- Estate Agent
Solicitors in Northern Ireland charge fees accordingly to the purchase price of the house (to reflect the responsibility and insurance risk assumed) and the amount of time and effort required. Fees can vary from ?300.00 to ?3000.00 per transaction. In addition Value Added Tax (currently 17.5%) and additional expenses such as stamp duty tax, searches, property certificates and registration fees have to be added. A solicitor charges two separate fees for a sale and a purchase and price quotations should be requested prior to engagement. Fees quoted will vary considerably.
Written Terms of Business
Solicitors are required by the Law Society of Northern Ireland at the start of a residential conveyancing transaction to give you a written estimate of fees or how they will be calculated together with likely expenses. Beware of verbal quotes!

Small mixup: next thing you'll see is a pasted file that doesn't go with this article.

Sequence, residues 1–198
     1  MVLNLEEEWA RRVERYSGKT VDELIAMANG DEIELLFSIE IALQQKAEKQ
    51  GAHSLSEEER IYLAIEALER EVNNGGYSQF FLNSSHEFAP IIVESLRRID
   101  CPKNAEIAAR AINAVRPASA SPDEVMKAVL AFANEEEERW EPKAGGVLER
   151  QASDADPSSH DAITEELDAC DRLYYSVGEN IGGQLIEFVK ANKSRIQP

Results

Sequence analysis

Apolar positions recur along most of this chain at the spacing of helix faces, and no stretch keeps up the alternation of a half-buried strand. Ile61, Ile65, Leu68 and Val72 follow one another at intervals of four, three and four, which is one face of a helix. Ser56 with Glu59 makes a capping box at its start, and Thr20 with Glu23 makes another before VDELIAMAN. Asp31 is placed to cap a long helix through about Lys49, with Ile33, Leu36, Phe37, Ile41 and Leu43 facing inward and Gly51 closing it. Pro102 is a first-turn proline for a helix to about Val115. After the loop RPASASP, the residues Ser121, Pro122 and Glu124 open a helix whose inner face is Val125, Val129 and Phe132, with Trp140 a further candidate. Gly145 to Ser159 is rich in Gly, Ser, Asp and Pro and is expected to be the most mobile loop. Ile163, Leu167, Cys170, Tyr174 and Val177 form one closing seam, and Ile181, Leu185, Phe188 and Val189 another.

- obtain quotations
- do not act upon verbal quotations; only consider using firms that have provided detailed written quotations
- smaller firms or local firms do not necessarily quote less
- conveyancing is complex work; select a firm that appears to have an efficient operation and which is large enough to have plenty of specialist staff and resources
- the quality of service and the amount of fees do not always go hand in hand
A Solicitors bill can be disputed either on the basis of a specific arrangement or under legislation governing the way Solicitors are allowed to charge. Solicitors are strictly regulated by the Law Society of Northern Ireland and have to keep records of every meeting, telephone call and letter. If a Solicitor significantly overcharges, or is in serious delay, he can be liable to penalties, disciplinary action and public embarrassment. In relation to any bill you can ask the Solicitor to obtain a certificate of fairness from the Law Society of Northern Ireland; this review is free. Alternatively you can require the Solicitor to prove any bill in the High Court; the expense of this review would have to be paid by yourself unless the bill is reduced by more than a sixth.
Legal content supplied by Wilson Nesbitt Solicitors.